The World Food Program chief has appealed for urgent funds to keep an airlift flying to quake-ravaged areas through the winter, calling it "the most difficult" logistical task the U.N. agency has ever faced.
Fearing a second wave of deaths, soldiers and emergency workers have been racing to get food and proper shelter for survivors of the Oct. 8 quake that killed 87,000 people in Pakistan and India. Most of the deaths from the magnitude-7.6 temblor were in Kashmir, the Himalayan territory divided between the two countries but claimed in entirety by both.
The WFP has accepted responsibility for feeding 1.3 million people, while 3 million are getting assistance from the government and 150,000 from the Red Cross.
WFP director James Morris said the agency has enough capacity to keep making aid flights to remote areas through January but needs about US$65 million-$70 million (Ђ56 million-Ђ60 million) to fund the air operation until April 30.
"This has been the most difficult task that WFP" has even been given, Morris told a news conference Saturday. Trucks, donkeys, horses and Himalayan trekkers also have been used to reach the more remote areas.
"We need substantial help, and the helicopters are critical, given the weather, the rugged terrain, and our need to preposition a huge amount of food in places throughout the affected area before the weather gets terrible," Morris said.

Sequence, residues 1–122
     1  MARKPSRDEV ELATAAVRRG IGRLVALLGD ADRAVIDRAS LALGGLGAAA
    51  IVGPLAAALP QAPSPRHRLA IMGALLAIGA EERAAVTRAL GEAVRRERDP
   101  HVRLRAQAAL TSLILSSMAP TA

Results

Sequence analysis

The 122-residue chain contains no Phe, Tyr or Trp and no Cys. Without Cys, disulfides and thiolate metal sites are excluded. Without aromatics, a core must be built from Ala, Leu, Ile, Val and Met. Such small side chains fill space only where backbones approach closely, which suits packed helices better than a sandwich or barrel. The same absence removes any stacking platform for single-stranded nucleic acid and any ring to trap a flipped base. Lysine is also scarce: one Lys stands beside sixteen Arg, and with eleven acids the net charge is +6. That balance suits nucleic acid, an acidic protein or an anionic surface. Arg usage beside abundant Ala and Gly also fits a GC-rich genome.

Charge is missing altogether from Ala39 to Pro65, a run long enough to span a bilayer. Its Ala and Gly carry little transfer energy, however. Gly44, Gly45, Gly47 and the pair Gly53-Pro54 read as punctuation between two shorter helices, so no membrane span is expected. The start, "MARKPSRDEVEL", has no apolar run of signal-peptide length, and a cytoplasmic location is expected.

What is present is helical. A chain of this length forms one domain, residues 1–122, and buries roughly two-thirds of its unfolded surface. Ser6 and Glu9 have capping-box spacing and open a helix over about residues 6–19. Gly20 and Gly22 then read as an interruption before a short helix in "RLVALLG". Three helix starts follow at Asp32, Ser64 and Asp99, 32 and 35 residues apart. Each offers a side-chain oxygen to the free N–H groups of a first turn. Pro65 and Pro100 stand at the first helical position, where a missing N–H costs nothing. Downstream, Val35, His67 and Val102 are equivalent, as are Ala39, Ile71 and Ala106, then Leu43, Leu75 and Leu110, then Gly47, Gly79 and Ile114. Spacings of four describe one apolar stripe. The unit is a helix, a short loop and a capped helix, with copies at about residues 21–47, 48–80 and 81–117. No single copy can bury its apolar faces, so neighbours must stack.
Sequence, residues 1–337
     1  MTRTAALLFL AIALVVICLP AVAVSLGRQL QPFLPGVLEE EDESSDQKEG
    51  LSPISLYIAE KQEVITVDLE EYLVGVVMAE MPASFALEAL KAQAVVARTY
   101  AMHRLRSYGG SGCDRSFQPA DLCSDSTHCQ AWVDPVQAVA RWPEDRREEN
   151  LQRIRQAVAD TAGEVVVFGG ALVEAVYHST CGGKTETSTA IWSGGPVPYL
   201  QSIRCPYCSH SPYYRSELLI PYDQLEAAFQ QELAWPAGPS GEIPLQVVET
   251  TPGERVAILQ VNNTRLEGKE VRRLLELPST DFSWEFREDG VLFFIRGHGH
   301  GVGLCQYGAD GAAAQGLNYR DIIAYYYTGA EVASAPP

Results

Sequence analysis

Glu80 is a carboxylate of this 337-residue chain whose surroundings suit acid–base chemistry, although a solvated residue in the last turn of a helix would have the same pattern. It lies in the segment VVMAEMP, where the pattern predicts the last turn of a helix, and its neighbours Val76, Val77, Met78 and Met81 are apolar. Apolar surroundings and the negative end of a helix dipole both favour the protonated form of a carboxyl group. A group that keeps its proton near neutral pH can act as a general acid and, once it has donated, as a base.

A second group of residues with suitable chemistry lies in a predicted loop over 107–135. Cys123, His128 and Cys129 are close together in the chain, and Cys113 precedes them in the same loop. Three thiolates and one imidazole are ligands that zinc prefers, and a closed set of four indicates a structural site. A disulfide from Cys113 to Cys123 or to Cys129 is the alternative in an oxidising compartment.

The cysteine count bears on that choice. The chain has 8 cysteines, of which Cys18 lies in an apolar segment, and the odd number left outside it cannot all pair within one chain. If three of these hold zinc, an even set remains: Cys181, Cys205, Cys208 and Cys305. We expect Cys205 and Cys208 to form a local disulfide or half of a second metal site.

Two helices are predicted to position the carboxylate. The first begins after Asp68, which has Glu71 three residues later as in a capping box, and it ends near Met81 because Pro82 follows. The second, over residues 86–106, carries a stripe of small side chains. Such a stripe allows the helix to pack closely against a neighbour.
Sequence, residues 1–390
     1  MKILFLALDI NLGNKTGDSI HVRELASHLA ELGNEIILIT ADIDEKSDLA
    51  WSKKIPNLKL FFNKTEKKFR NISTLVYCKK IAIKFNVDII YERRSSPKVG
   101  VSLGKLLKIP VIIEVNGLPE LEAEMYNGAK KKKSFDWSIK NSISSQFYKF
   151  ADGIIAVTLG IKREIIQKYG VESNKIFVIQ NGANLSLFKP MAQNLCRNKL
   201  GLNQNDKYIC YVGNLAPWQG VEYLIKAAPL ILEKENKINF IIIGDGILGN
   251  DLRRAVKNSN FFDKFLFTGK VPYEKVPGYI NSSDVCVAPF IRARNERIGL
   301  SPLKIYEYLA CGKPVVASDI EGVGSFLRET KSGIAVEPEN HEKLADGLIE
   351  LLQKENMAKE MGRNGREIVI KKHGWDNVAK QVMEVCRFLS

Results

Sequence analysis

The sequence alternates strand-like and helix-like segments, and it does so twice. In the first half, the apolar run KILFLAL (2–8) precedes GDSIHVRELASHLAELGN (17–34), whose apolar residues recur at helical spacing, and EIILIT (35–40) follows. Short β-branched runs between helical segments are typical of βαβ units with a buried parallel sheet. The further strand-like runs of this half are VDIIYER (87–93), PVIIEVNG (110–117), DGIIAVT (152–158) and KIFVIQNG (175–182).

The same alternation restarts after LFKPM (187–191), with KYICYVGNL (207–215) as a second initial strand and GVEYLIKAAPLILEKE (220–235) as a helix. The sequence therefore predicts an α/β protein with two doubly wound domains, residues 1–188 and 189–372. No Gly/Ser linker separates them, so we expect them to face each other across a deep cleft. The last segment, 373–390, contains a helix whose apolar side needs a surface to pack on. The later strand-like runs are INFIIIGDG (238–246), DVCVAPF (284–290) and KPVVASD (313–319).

"The worse the conditions become on the ground, the more heavily we will rely on our helicopters. We have never had a crisis where the use of helicopters was so critical."
Doctors struggling with a constant flow of patients in Muzaffarabad, the capital of Pakistan's part of Kashmir, warned that the number of sick could swell as frigid cold sets in. At least eight deaths have been blamed on the cold weather.
Bashir Rahman, a medical superintendent at the state-run Abbas Institute of Medical Science hospital, said 234 patients with winter-related ailments had been admitted to hospital in just 24 hours. Seven had pneumonia.
Dr. Abdul Hamid of the Pakistan Islamic Medical Association, which runs a field hospital in Muzaffarabad, said 174 people with respiratory tract infections, flu, fever and pneumonia had been admitted in the past two days.
Aid workers are also concerned about the lack of adequate shelter for the estimated 3.5 million made homeless by the earthquake. Pakistani soldiers are building 5,000 shelters a day.
Aid workers say most of the hundreds of thousands of tents that already have been distributed cannot give quake survivors adequate protection against the cold, and sturdier corrugated iron shelters should be used. The army has constructed about 30,000 such shelters.
Officials said they also are especially worried that hundreds of thousands of people who live at the higher elevations may be forced to come down to refugee camps as winter wears on, creating crowded conditions and possibly sanitation problems.
Jan Vandemoortele, the U.N.'s top aid coordinator in Pakistan, said Friday that a "colossal job" lies ahead since more people are expected to flow into the camps as the weather worsens. "We remain on a knife's edge," he said. "It may get worse before it gets better", reported AP. P.T.
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